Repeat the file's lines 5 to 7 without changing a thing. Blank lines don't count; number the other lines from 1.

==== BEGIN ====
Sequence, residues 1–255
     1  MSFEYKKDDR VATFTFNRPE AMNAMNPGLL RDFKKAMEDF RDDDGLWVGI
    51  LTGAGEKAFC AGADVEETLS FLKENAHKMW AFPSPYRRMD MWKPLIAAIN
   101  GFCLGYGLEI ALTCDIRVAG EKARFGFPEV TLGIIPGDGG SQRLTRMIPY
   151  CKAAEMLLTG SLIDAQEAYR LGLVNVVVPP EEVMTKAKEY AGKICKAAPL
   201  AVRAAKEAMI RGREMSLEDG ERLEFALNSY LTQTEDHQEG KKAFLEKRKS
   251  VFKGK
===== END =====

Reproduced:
   151  CKAAEMLLTG SLIDAQEAYR LGLVNVVVPP EEVMTKAKEY AGKICKAAPL
   201  AVRAAKEAMI RGREMSLEDG ERLEFALNSY LTQTEDHQEG KKAFLEKRKS
   251  VFKGK